easingly removal under compulsion after his term, resulting in a deteriorating relationship between the Native Americans and the government and erupting oftentimes into bloody battles like the Battle of Tippecanoe and the loyalty of the American Indians to the British in the War of 1812 (Harrell 261-262)
Jefferson had misgiving about the Louisiana Purchase because of serious constitutional issue attached to it. However, he viewed it as vital strategically to the US because of the New Orleans port directly accessing the Mississippi River, outlet for American trade with the outside world. He feared France’s control of the Mississippi. Thus, he justified the Purchase as an exercise of extra-constitutional power by the presidency (Harrell et al 247-248).
Q1b. Discuss the impact of the Louisiana Purchase and Andrew Jackson’s removal policies on the Native Americans. Discuss the long term impact of Worcester v. Georgia on both Native Americans and the checks and balances system.
In 1830, Congress passed the Indian Removal Act, a law strongly supported by President Andrew Jackson. The Act provided for the voluntary removal of the North American Indians from the east of the Mississippi to the west of it. The Louisiana Purchase in 1803 had long encouraged the belief that this was possible. The removal law worsened the tension between the North American Indians and the United States which was already palpable even before its enactment as can be evinced from cases like the Cherokee Nation v Georgia, 30 US 1 , and Worcester v Georgia, 31 US 515  (Norgren et al 6-7).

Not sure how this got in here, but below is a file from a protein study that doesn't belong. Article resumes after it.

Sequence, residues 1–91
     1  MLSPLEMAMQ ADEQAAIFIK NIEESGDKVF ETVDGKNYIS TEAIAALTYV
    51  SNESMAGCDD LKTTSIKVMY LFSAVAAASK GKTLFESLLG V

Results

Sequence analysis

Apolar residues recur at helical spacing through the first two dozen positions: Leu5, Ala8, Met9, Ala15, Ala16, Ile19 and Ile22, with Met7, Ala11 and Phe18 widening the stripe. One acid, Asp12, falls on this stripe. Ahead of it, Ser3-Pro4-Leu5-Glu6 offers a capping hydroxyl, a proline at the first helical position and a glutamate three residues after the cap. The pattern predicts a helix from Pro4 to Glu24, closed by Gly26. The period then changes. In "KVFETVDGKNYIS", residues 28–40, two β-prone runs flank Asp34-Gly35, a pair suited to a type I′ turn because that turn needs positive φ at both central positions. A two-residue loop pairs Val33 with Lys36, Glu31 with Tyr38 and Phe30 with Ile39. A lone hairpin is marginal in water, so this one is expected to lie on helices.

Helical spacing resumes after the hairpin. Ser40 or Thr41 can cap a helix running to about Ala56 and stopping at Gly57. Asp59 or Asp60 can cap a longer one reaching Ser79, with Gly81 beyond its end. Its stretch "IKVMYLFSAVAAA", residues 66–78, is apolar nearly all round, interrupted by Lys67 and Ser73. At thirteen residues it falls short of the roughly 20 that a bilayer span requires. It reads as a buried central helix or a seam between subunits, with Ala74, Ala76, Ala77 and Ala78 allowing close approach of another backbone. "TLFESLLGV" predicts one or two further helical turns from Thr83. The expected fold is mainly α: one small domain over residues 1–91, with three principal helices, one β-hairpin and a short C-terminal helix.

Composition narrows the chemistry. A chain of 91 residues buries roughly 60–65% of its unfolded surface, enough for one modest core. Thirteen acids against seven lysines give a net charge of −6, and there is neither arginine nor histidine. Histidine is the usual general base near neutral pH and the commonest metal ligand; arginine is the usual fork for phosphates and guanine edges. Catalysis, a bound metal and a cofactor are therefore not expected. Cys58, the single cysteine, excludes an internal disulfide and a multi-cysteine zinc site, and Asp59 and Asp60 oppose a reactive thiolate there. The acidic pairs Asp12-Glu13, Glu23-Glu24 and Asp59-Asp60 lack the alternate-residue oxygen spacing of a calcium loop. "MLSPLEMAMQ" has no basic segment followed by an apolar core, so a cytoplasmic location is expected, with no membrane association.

The Worcester case, together with the Cherokee Nation case, established the legal framework with which the American Indians are to be governed with respect to their political and property rights. In the Worcester case, Chief Justice Marshall declared the possessory rights of the Cherokee Indians, a right which they can however relinquish in favor of the White Americans. The implication of the